My Department issues payments each week to approximately 1.1 million customers in respect of 49 separate schemes. This requires implementing a complex set of procedures to ensure payments are produced accurately and on time. At Christmas time the process is more complex as additional procedures are required to pay double payments around that period. Arrangements are put in place to make payments in advance to ensure that customers are not inconvenienced by the closure of banks over the holiday period.

Approximately 667,000 customers are in receipt of long-term benefit on schemes such as old age, lone parent and invalidity pension. Some 168,000 of these customers receive their payment entitlements by way of electronic fund transfer, EFT. This facility allows customers to receive their payment into their bank account. The EFT facility is available to customers living in Ireland or abroad. Customers living here receive their payments on a weekly basis, while those living abroad receive their payments on a four-weekly basis.

During the Christmas period in 2004 my Department put arrangements in place to make a payment covering two weeks of entitlement to our weekly paid customers. This was to ensure that such customers were not adversely affected by the limited bank opening hours over the holiday period. Payments for 15, 16 and 17 December, inclusive, included the Christmas payments for 22, 23 and 24 December, respectively.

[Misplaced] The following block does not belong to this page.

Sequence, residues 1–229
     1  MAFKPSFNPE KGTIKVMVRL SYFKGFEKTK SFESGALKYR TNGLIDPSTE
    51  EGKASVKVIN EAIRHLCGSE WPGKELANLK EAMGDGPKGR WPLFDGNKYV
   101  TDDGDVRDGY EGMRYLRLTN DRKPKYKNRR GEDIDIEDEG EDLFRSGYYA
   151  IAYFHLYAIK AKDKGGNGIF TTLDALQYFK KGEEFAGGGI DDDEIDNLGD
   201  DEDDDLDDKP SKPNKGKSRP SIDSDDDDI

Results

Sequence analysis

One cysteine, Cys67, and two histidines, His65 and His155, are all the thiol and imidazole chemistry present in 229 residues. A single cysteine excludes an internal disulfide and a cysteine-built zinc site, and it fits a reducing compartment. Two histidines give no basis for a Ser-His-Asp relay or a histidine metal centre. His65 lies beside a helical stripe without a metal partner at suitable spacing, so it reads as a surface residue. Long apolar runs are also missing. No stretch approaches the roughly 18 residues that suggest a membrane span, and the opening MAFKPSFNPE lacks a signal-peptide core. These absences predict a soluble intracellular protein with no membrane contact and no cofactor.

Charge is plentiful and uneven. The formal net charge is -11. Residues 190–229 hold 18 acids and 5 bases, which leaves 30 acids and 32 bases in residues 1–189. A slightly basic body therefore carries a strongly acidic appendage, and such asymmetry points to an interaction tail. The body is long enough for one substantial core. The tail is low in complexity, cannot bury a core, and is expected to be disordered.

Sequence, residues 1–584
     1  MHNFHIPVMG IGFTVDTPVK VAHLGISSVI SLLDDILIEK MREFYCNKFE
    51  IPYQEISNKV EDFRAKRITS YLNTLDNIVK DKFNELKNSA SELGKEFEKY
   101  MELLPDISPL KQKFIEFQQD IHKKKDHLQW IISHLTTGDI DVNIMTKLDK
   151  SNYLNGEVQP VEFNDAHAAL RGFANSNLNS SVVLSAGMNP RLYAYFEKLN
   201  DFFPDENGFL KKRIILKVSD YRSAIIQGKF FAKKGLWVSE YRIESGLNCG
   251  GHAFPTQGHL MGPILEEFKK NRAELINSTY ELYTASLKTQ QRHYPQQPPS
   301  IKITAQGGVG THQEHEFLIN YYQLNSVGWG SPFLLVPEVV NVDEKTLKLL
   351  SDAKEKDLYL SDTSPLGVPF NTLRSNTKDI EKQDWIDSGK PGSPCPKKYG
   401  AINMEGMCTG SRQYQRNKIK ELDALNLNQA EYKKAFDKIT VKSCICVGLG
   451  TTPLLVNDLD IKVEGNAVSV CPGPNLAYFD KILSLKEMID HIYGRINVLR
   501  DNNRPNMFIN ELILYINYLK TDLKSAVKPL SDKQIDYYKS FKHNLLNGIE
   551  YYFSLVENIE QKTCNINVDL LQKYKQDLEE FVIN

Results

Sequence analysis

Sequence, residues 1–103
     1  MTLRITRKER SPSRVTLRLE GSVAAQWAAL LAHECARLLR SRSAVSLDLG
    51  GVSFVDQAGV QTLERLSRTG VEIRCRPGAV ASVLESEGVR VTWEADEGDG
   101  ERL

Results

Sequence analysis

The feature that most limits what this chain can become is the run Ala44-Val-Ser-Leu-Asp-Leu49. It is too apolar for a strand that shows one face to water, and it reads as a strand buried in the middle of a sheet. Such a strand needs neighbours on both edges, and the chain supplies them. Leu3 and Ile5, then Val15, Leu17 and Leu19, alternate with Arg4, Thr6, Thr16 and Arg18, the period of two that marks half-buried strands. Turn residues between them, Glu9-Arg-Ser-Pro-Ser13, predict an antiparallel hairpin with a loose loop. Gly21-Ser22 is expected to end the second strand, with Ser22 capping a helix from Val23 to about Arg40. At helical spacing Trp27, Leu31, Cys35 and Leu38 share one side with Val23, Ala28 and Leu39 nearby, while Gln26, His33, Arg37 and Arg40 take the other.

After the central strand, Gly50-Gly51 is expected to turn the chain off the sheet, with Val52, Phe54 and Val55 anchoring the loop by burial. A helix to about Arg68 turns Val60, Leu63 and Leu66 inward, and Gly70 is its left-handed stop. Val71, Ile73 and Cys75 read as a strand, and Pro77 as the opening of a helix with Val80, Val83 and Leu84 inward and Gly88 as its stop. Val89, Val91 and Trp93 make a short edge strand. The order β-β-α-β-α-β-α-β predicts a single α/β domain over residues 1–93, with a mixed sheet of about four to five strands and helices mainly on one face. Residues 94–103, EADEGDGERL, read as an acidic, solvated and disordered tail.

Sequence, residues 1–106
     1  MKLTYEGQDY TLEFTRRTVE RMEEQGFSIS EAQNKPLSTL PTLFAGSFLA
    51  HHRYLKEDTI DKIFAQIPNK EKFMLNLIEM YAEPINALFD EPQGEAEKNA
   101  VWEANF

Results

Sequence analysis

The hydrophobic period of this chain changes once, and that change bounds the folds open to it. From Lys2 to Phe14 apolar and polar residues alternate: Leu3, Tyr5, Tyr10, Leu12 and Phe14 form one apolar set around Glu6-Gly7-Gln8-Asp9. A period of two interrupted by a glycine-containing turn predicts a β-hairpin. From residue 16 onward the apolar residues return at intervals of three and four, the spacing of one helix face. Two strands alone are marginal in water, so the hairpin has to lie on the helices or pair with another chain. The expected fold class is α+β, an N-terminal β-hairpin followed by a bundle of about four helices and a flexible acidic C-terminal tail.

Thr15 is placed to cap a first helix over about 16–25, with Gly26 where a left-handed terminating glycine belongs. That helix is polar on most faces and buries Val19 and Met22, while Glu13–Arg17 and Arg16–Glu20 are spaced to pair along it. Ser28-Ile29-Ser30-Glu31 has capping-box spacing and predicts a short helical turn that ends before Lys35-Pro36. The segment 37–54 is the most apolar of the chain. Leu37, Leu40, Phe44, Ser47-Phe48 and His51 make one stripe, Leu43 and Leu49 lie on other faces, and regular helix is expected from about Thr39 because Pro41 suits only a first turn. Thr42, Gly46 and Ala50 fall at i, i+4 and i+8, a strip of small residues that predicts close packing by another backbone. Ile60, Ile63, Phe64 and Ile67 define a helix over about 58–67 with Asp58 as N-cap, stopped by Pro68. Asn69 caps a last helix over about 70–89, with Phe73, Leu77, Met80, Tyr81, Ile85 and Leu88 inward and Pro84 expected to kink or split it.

On Thursday, 23 December 2004 an error occurred during the production of payments for 47,977 of my Department's weekly paid customers. An incorrect set of instructions was entered in the computer programme resulting in the issuing of a payment for two weeks to the customers in question instead of the single weekly payment intended. Unfortunately, when the error was discovered the payments had already been credited to the customers' bank accounts. The customers concerned received payment of their entitlement one week early and due to the holidays it was not possible to contact them immediately to advise them of the position. As soon as possible after Christmas, my Department wrote to all the affected customers to explain the position and apologise for the inconvenience caused.